Wednesday, September 15, 2010

West Bank Dreams and Gaza Realities


by P. David Hornik


With the Jewish New Year, a time of prayer and reflection, falling this year from Wednesday evening through Friday, it wasn’t a very peaceful time for residents of southwestern Israel.

From Wednesday morning, just before the holiday, to Sunday morning, a total of four rockets and two mortar shells were fired from Gaza at Israeli civilian targets in the region. The mortar shell fired on Wednesday morning hit near school buildings in a kibbutz, a half-hour before children were due to arrive at the school.

If it had hit a half-hour later and caused a catastrophe, the country would have been in an uproar, Israel would have struck back at Hamas on a considerable scale, and calls for “restraint” would have issued from Washington, Turtle Bay, and Brussels.

Instead, with none of the rockets and mortars in these days exacting any physical casualties apart from the sowing of terror, Israeli warplanes on Thursday hit a couple of sites in Gaza with reports of several wounded.

Naturally, none of this was mentioned as relevant to the second round of Israeli-Palestinian peace talks supposed to start on Tuesday at Sharm el-Sheikh in Egypt, with Secretary of State Hillary Clinton present. Yet these events are relevant to the purported peace talks, in several regards.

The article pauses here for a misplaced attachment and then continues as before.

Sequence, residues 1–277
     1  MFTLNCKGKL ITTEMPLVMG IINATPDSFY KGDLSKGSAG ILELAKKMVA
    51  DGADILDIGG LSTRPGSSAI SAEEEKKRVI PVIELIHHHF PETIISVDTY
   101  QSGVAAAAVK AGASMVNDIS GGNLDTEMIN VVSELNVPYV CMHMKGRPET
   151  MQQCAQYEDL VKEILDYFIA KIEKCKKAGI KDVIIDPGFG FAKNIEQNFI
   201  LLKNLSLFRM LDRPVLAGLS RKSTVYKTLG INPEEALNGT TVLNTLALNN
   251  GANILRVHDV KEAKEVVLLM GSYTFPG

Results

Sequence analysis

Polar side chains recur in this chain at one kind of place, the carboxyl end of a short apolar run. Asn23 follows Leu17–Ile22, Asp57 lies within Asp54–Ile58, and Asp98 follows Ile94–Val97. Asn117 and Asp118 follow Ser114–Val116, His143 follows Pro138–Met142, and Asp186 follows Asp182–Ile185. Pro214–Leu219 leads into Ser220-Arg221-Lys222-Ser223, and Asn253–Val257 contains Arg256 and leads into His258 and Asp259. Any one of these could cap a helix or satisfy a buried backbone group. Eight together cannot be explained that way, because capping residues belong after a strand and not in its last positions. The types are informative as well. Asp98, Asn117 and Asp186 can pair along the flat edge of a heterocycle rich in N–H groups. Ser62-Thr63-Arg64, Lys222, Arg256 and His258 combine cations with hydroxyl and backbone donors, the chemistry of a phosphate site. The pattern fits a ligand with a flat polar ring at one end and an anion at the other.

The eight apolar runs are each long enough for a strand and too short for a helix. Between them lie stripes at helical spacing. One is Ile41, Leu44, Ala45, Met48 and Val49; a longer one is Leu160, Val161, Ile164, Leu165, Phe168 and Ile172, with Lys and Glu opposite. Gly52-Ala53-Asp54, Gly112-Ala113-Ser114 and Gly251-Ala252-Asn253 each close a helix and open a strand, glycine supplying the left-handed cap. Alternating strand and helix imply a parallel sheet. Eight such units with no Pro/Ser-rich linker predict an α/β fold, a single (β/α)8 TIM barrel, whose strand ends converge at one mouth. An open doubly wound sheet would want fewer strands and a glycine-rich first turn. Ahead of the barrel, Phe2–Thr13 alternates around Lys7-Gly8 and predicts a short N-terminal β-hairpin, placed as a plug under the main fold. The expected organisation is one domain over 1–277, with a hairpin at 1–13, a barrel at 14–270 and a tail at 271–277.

One is that Gaza is a flat territory, with no hilly or mountainous parts. Much has been made about the security importance for Israel of the mountainous terrain in the West Bank. Indeed, in the case of armies invading from the east, that terrain would constitute a formidable obstacle.

Gaza, however, has no such terrain, yet in recent years thousands of projectiles have been fired from it at Israel. All of Gaza is of security importance, because missiles, rockets, and mortars can be fired from anywhere in it. In the case of an Israeli withdrawal from the West Bank—now considered a sine qua non of “peace”—the same would hold true. Yet the West Bank is a much larger territory than Gaza.

Having this in mind, Israeli prime minister Benjamin Netanyahu has spoken of—in the event of a “peace deal” and an Israeli pullback—Israel maintaining a military presence in the Jordan Valley to prevent infiltration of terrorists and weapons. Yet the effectiveness of a line of Israeli military installations there, isolated in a sea of Arab populations—even if the Palestinians were to agree to it, and they will not—is questionable at best.

Especially in light of the fact that Egypt—finally having grown fearful of Hamas as one prong of an Iranian-led alliance that has Egypt in its sights—has been striving more seriously [3] to stop arms smuggling into Gaza, but with only mediocre results as the fire on Israel continues. Indeed, before the 2005 disengagement from Gaza, Israeli forces along the Philadelphi Route (the mere nine-mile corridor between Gaza and Egyptian Sinai) had only partial success in stopping the smuggling, with rocket and mortar fire on Israeli communities already having become a serious problem.

P. David Hornik

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